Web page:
Hyperhidrosis, also known as excessive sweating, does not typically pose a serious threat to a person’s health. It can, however, be embarrassing and distressing. The inconvenience can also have a negative impact on your quality of life.
Excessive Sweating – Hyperhidrosis
There is not such a way of defining excessive sweating. But if sweating is interfering with your daily life and normal activities, you may have hyperhidrosis.
A lot of people with the condition are too embarrassed to seek medical help or believe that nothing can be done to improve their symptoms.
However, there is help available.
Botulinum neurotoxin, also called Botox ®, treatment helps control the symptoms of severe underarm sweating. It is used when topical medicines have not worked for you. Botulinum neurotoxin works by temporarily blocking chemical signals from the nerves that stimulate the sweat glands. When the sweat glands do not receive chemical signals, the severe sweating stops. But it also works well on excessive facial sweating, like on the upper lip or forehead.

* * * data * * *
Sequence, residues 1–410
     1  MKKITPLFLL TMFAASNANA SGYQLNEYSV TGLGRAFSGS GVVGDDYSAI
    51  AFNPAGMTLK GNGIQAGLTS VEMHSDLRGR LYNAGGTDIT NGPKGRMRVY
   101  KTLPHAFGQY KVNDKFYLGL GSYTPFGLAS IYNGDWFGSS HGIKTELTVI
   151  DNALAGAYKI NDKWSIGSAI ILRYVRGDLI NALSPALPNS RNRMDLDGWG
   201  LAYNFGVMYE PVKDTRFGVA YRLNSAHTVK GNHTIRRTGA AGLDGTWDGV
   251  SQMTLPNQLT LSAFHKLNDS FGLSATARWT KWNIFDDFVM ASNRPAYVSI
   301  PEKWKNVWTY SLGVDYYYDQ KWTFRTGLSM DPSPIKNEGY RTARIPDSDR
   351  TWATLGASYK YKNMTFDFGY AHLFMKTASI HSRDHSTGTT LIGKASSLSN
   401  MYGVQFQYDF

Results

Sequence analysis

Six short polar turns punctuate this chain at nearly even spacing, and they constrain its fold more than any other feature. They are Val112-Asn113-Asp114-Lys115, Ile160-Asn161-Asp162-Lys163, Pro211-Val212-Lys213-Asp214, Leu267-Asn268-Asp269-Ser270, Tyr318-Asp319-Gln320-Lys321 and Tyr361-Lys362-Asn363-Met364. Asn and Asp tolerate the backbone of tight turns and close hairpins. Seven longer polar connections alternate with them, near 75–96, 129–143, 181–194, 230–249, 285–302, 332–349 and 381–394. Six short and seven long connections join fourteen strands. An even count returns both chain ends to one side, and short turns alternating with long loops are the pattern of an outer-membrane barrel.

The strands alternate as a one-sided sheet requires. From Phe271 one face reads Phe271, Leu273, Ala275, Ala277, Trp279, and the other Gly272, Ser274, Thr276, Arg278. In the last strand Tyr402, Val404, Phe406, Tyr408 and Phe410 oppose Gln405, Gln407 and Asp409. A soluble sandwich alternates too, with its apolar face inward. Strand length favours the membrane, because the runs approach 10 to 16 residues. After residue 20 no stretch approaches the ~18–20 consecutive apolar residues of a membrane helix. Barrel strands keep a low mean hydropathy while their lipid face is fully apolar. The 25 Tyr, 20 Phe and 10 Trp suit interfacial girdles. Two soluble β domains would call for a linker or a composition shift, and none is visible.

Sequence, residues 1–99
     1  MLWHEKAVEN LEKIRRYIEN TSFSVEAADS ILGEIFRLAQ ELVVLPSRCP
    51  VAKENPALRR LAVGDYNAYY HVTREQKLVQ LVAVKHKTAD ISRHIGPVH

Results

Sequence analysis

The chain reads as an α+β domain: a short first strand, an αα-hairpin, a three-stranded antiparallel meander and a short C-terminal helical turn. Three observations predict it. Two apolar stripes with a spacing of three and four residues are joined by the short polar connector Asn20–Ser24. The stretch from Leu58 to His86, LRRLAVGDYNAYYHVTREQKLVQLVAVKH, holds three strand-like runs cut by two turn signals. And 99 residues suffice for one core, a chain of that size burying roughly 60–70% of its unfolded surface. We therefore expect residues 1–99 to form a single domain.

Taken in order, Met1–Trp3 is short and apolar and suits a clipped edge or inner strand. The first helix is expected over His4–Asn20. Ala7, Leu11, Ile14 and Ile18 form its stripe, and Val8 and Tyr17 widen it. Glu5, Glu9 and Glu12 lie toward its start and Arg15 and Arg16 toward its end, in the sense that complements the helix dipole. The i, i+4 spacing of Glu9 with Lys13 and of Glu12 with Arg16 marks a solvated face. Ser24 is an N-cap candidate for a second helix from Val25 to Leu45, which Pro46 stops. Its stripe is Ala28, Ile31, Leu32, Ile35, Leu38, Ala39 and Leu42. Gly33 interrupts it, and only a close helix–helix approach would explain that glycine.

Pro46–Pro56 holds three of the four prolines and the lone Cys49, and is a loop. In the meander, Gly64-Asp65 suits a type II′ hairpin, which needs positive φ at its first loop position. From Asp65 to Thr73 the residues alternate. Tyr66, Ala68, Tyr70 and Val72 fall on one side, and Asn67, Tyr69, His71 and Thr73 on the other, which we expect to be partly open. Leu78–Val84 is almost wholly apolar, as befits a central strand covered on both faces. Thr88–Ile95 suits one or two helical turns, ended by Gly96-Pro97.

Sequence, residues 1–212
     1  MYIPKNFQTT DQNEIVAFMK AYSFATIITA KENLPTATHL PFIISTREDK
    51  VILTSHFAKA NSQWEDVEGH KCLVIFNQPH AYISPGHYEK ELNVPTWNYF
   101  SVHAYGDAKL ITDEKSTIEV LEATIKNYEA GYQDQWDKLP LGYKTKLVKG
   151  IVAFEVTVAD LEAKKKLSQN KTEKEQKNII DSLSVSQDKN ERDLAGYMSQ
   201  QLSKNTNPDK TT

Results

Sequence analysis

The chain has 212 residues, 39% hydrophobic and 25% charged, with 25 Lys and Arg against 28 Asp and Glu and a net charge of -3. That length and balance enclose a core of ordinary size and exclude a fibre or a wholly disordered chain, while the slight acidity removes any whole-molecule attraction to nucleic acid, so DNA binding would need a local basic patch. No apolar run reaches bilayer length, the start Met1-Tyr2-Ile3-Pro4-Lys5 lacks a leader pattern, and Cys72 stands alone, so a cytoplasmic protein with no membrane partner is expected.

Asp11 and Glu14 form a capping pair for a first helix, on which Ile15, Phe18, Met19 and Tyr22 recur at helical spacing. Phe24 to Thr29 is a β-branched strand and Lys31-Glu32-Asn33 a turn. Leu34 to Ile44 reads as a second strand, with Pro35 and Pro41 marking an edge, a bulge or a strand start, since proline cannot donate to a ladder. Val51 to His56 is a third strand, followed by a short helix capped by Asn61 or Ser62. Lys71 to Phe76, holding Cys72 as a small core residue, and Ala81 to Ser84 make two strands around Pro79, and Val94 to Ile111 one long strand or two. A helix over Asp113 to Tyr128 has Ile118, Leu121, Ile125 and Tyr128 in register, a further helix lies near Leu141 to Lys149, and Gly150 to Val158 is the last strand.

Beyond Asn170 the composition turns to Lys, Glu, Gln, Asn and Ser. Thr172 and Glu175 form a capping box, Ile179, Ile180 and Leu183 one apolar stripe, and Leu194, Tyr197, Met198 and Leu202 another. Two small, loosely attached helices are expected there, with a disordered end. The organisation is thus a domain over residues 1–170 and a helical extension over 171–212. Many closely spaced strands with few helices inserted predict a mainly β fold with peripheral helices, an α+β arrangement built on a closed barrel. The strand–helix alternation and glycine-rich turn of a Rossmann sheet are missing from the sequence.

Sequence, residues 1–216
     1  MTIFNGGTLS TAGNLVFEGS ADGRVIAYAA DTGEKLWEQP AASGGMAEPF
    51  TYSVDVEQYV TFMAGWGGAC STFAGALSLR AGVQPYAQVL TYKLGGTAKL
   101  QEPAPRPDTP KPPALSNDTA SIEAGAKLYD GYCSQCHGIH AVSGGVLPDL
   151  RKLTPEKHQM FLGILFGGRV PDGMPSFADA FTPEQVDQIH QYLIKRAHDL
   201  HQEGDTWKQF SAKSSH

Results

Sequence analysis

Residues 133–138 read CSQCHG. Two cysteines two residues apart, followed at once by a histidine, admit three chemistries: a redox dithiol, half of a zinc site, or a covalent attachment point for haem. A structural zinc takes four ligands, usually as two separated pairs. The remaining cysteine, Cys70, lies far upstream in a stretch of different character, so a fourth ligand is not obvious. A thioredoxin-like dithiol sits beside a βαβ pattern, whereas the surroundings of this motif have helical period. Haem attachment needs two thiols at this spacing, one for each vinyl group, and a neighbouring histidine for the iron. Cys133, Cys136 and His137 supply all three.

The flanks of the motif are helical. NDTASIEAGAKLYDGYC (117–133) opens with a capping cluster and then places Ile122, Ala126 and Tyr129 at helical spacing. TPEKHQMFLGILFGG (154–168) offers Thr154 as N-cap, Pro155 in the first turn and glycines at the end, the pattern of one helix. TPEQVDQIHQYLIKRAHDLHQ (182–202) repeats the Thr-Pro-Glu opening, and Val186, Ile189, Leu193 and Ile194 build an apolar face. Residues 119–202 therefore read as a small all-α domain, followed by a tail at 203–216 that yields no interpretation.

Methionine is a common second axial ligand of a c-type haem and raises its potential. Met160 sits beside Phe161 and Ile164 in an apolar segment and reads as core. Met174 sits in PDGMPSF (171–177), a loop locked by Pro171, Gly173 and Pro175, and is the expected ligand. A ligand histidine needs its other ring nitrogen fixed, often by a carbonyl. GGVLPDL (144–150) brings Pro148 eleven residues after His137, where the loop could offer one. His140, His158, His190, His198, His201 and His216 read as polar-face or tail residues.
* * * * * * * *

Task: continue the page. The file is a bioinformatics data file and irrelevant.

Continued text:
Is hyperhidrosis common?
Yes, you are not alone. More than 7.5 million people are affected by excessive sweating. There has been a 32 per cent increase in Google searches for ‘excessive sweating’ in 2019, and the number is raising.
Botulinum toxin injections are expected to temporarily stop the production of excessive sweat in the treated areas only. Sweat continues to be produced elsewhere. So please do not worry. It does not require anesthesia and you can return to their normal routine immediately. In most cases, the treatment lasts between 4-12 months.
Hyperhidrosis: Evolving therapies for a well-established phenomenon. Eisenach JH, et al. Mayo Clinic Proceedings. 2005; 80:657.
Hyperhidrosis (Excessive sweating). Barbara Woodward Rochester, Minn.: Mayo Foundation for Medical Education and Research; 2011.
Botulinum toxin for focal hyperhidrosis of the face. George SM, Atkinson LR, Farrant PB, Shergill BS; Br J Dermatol. 2013 Aug 5. doi: 10.1111/bjd.12568.
Treatment of primary axillary hyperhidrosis with botulinum toxin type a: our experience in 50 patients from 2007 to 2010. Scamoni S, Valdatta L, Frigo C, Maggiulli F, Cherubino M. ISRN Dermatol. 2012; 2012